This is a typical response from the Web API, giving us info about the pages on the platform.

Similarly we fetch all the other components (Users and Revisions) and simultaneous store them too.

database addition1Code showing construction of Page Nodes

After fetching the data for Pages and Users we will work towards linking the user contributions with their corresponding user contributors . Here we will make edges from the user nodes to the respective revisions of the pages. These edges also contain useful information like the size of the contribution done.

We also need to work on linking the pages with other pages via Backlinks for calculating the PageRank (We will discuss these concepts after a short while).

Once we have all the data via the online API calls , we will now move toward our next pursuit to do offline computation on data fetched.


Since this feature is new to WikiToLearn platform therefore there were no initial user votes on any of the page versions, hence we wrote a class to select random users and then making them vote for various pages. Later we will write a MediaWiki Extension to gather actual votes from the users but till then now we have sample data to perform further computations.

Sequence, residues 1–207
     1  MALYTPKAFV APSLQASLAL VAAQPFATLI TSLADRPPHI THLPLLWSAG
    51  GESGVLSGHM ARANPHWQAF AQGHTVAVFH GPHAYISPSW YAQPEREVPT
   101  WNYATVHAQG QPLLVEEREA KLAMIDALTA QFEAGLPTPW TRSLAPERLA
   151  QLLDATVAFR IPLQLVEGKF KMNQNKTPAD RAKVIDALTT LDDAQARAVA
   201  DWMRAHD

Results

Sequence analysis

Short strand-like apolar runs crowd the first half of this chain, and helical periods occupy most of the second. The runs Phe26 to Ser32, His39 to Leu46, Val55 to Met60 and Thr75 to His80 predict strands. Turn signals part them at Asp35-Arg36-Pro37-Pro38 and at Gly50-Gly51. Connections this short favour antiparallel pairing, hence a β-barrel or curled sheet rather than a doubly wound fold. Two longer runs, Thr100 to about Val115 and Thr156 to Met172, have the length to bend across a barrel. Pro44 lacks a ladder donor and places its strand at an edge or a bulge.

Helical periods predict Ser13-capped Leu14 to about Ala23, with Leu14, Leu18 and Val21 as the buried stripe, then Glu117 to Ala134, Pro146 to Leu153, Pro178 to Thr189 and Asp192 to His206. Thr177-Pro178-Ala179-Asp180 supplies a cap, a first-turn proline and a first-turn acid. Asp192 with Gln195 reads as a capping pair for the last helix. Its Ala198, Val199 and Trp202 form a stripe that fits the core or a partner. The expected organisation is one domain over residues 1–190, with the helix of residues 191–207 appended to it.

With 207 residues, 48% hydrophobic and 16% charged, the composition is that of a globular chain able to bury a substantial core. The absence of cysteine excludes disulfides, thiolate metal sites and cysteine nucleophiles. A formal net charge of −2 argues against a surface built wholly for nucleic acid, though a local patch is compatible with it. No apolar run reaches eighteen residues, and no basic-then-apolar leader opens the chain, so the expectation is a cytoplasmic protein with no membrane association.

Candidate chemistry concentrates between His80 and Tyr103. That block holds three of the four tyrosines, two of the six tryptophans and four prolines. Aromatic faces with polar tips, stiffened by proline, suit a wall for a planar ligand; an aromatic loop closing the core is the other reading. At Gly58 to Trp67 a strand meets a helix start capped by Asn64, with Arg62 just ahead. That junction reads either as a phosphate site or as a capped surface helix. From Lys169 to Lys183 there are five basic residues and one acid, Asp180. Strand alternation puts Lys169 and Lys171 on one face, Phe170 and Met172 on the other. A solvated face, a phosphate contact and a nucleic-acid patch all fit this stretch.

So after generating votes we need to calculate various parameters like User Credibility, Ratings, PageRank and Badges (Platinum,Gold,Silver,Bronze,Stone). The calculation of the credibility and Ratings are listed here. But Badges and PageRank are a new concept .


We will be displaying various badges based on the Percentile Analysis of the Page Ratings. That is we will be laying the threshold for various badges say top 10% for platinum badge then we filter out the top 10% pages on the basis of their page rating and then assign them the suitable badge.The badges will give readers an immediate visual sense of the quality of the pages.

Another very important concepts are PageRank and Backlinks let's talk about them too.

PageRank & Backlinks:

Let's consider a scenerio :

Drawing (1)Page interconnections

There are 5 pages in the system the arrows denote the hyperlink from a page to another these are called backlinks . Whenever the author decides to cite another user's work a backlink is formed from that page to the other. It's clear to understand that the more backlinks a page will have the more reliable it becomes (Since each time the authors decide to link someone else's work then they actually think it is of good quality).